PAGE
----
THE YOUNG MAN was dying in misery. He had been tricked and made a fool of by a scheming young woman who he loved and trusted, the age-old tale of betrayal. He was a follower of the Changjai Lama and their sect believed in the transmigration of souls. There was no Lama with him to help pass through to the life that awaited, only the man and woman who were about to kill him. He would have to carry the sins and mistakes of this life into the next, paying for them there. Rather than break faith with his family and his religion, he had refused to give the murderous pair the information they were willing to kill for. He had suffered their relentless beatings, but still guarded the location they desperately sought. He was bleeding from cut lips, a broken nose, two front teeth had been snapped off and an ear severed. The man and woman made certain his death was slow and painful.
JAKE STRIKER WAS tethered to the Changjai Lamasery by an invisible umbilical cord. He owned a successful law firm and a private investigation company in Century City, the financial heartbeat of Los Angeles. He represented the legal interests of the Lamasery in the United States and was also the attorney for the shadowy Tu Tung, the ancient order of Chinese assassins that protected the Lamasery worldwide. He was tall, six three and very handsome, with light brown hair, hazel eyes and a Cabo San Lucas tan. He was well built; the result of working out three days a week. His wife, Mei, was breathtakingly beautiful, an exotic blending of Mongolian and Chinese, her beauty crafted by the Gods on Mt. Bayaskhulangtu. She was five six, tall for a Mongolian woman, with haunting almond eyes and raven hair that hung to her waist. The Captain of the rugged Steppe Cavalry claimed she could ride and shoot as well as any of his soldiers. Unfortunately, her temper matched her beauty, with the Grand Regent describing her as a wildcat and Lama Namsray referring to her as a spitfire. Having been raised on the steppes, she was equally at home on the back of a raging mare, as she was behind the steering wheel of her new Jaguar coupe.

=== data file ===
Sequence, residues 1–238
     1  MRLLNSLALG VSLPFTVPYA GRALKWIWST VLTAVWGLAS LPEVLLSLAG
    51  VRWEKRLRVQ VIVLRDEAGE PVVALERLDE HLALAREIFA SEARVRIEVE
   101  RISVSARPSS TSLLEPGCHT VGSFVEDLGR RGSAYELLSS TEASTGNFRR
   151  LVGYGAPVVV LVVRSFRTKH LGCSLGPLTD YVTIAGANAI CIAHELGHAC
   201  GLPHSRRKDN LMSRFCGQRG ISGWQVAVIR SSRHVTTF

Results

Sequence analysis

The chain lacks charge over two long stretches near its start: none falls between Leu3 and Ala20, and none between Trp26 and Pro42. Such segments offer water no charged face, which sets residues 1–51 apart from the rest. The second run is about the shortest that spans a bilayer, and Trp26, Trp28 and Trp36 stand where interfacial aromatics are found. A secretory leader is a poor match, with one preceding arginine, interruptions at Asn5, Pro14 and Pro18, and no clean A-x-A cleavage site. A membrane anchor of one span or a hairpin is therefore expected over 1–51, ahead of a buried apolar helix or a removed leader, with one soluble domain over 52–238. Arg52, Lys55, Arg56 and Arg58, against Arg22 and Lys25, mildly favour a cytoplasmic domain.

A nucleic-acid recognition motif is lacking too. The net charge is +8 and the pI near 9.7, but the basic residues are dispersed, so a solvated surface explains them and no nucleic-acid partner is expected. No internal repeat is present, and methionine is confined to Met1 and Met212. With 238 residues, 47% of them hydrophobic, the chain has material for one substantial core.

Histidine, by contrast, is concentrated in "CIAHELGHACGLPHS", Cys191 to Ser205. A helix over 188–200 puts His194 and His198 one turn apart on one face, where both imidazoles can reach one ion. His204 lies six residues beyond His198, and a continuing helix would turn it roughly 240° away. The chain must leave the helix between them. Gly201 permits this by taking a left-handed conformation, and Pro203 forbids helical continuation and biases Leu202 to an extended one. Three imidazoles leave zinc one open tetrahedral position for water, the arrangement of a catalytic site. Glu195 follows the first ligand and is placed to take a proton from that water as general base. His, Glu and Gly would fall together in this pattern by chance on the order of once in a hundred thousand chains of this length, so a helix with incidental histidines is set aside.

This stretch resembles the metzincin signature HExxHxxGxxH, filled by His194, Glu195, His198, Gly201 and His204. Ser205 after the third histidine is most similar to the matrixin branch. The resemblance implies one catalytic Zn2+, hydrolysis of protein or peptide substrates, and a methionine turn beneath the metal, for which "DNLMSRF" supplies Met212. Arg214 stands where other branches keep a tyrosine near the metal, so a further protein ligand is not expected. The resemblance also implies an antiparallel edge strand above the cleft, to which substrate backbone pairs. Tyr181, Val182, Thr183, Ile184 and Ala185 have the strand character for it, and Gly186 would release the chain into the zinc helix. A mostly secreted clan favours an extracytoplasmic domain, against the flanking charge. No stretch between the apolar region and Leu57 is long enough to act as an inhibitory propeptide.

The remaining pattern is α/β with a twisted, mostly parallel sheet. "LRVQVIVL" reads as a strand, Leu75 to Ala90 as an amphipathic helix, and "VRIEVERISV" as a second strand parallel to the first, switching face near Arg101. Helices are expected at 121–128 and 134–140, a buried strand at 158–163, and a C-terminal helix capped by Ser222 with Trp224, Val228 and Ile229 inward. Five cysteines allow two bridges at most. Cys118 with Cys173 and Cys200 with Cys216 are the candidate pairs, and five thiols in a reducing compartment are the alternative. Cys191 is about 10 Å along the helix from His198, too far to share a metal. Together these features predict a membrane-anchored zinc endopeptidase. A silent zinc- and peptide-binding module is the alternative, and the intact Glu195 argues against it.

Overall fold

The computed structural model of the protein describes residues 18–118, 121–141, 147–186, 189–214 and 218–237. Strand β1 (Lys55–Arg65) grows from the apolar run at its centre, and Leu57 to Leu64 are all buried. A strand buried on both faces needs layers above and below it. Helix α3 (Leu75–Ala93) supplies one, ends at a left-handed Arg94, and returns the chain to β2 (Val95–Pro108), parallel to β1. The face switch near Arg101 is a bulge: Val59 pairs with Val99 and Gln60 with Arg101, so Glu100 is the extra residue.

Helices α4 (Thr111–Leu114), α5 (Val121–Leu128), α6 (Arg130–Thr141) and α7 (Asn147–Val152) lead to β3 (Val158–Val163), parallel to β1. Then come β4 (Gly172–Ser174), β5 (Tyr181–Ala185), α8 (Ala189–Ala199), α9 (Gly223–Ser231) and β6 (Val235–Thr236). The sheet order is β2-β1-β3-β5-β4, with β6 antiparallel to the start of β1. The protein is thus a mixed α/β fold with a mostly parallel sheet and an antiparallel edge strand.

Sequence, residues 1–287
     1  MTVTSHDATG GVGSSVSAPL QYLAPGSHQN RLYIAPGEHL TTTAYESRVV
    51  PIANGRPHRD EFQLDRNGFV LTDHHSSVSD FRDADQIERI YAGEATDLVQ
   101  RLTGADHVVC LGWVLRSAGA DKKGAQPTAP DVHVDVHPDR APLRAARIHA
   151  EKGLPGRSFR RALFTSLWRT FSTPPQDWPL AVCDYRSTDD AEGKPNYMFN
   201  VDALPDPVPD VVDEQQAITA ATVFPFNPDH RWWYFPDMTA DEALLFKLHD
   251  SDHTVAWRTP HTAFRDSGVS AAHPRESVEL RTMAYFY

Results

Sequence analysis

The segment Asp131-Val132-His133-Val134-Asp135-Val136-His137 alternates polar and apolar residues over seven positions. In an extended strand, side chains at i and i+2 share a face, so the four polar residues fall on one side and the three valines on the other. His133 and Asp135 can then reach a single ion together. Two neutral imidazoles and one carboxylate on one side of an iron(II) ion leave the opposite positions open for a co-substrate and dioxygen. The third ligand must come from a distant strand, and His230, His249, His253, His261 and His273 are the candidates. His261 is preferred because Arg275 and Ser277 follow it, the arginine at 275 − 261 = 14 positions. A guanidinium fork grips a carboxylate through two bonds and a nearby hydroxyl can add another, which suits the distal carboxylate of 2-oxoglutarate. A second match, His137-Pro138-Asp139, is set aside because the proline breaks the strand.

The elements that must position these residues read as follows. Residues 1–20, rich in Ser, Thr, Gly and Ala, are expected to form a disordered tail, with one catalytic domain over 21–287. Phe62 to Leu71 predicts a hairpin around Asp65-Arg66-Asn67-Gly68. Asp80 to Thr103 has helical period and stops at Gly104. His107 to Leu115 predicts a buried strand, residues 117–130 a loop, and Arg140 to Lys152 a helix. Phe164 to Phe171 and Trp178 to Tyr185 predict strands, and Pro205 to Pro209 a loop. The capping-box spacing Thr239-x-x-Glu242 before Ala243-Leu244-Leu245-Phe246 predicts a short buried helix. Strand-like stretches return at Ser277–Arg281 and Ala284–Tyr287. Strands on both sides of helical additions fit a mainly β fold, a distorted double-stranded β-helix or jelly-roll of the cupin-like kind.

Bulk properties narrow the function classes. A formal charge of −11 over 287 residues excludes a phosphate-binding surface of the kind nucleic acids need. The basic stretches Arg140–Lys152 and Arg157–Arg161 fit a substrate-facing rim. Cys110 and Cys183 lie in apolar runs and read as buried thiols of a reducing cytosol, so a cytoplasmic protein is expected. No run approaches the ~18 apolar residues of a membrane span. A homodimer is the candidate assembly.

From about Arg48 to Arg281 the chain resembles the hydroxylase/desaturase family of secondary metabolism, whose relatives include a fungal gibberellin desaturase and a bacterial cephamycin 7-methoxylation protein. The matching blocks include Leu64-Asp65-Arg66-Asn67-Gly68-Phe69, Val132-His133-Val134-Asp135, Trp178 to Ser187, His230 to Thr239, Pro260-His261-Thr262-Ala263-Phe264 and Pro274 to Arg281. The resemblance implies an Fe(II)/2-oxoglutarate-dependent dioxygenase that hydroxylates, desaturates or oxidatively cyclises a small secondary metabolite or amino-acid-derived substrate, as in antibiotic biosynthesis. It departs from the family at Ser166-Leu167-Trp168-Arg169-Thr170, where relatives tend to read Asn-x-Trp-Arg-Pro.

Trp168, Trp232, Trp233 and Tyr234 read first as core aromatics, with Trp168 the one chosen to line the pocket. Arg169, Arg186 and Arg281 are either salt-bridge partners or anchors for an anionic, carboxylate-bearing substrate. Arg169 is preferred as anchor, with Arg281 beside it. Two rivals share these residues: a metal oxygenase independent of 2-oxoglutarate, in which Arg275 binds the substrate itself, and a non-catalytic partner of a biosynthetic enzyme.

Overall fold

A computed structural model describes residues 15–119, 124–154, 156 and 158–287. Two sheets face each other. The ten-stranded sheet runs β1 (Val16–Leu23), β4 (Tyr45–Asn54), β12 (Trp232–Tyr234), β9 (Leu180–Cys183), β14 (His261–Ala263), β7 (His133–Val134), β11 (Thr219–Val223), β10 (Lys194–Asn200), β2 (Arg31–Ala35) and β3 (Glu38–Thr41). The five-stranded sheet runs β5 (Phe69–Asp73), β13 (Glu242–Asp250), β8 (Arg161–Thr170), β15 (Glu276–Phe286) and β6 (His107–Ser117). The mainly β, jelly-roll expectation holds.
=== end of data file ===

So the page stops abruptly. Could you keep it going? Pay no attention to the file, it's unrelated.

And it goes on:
Jake sat at his desk, going over a case he was working on. He was a defence attorney and had an enviable record for successful acquittals. His receptionist called and told him that a gentleman needed to talk to him. He glanced at his calendar and frowned; he did not have an appointment at ten o’clock.
“Do I know him?”
“He claims he’s your best friend.”
“Is his name Namsray?”
“I didn’t know how to pronounce it.”
Jake smiled and told her, “Bring him back.” He stood up to greet his good friend, who was also the second most powerful Lama in the secretive Changjai Lamasery; second only to the Grand Regent. The Lamasery clung to the cliffs with eagles’ talons near the summit of Mt. Bayaskhulangtu, close to the Mongolian/Chinese border. Because of the snow-covered towering mountains, which serious climbers bypassed, no one had ever paid much attention to the actual border.
The receptionist ushered in Lama Namsray and Jake shook his hand warmly. “I always have a strange feeling when I see you someplace other than the Upper Kingdom and then to complicate matters, you’re not in your wine-colored robe.” The Lamas and Nuns of the Changjai Lamasery all wore robes and sandals.
“Wearing a suit makes it easier to travel, fewer people staring. A confession, it also makes me feel a bit less religious.”
“Sit down, sit down. I didn’t expect to see you this soon. How long has it been, nine months?” Namsray usually left the valley to check on the Lamasery’s overseas holdings every two years, particularly their banks, financial institutions and gold deposits.